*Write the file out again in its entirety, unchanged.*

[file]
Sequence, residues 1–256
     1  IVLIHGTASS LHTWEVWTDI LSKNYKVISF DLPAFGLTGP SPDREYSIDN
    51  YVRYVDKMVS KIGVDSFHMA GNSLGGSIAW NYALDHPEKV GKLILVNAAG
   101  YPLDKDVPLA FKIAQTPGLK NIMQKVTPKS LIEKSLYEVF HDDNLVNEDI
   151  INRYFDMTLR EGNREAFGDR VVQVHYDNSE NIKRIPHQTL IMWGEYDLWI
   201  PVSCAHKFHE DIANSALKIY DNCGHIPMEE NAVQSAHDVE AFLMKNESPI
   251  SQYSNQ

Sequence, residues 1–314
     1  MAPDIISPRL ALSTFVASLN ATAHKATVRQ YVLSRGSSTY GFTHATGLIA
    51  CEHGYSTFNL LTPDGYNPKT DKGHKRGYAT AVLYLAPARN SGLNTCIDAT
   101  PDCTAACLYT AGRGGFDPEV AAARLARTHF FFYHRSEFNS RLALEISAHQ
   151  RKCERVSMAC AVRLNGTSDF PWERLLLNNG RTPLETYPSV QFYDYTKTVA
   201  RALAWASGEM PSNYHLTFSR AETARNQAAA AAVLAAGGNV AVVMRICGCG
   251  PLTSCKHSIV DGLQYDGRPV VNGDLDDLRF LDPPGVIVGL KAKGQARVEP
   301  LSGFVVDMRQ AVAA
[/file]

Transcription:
Sequence, residues 1–256
     1  IVLIHGTASS LHTWEVWTDI LSKNYKVISF DLPAFGLTGP SPDREYSIDN
    51  YVRYVDKMVS KIGVDSFHMA GNSLGGSIAW NYALDHPEKV GKLILVNAAG
   101  YPLDKDVPLA FKIAQTPGLK NIMQKVTPKS LIEKSLYEVF HDDNLVNEDI
   151  INRYFDMTLR EGNREAFGDR VVQVHYDNSE NIKRIPHQTL IMWGEYDLWI
   201  PVSCAHKFHE DIANSALKIY DNCGHIPMEE NAVQSAHDVE AFLMKNESPI
   251  SQYSNQ

Sequence, residues 1–314
     1  MAPDIISPRL ALSTFVASLN ATAHKATVRQ YVLSRGSSTY GFTHATGLIA
    51  CEHGYSTFNL LTPDGYNPKT DKGHKRGYAT AVLYLAPARN SGLNTCIDAT
   101  PDCTAACLYT AGRGGFDPEV AAARLARTHF FFYHRSEFNS RLALEISAHQ
   151  RKCERVSMAC AVRLNGTSDF PWERLLLNNG RTPLETYPSV QFYDYTKTVA
   201  RALAWASGEM PSNYHLTFSR AETARNQAAA AAVLAAGGNV AVVMRICGCG
   251  PLTSCKHSIV DGLQYDGRPV VNGDLDDLRF LDPPGVIVGL KAKGQARVEP
   301  LSGFVVDMRQ AVAA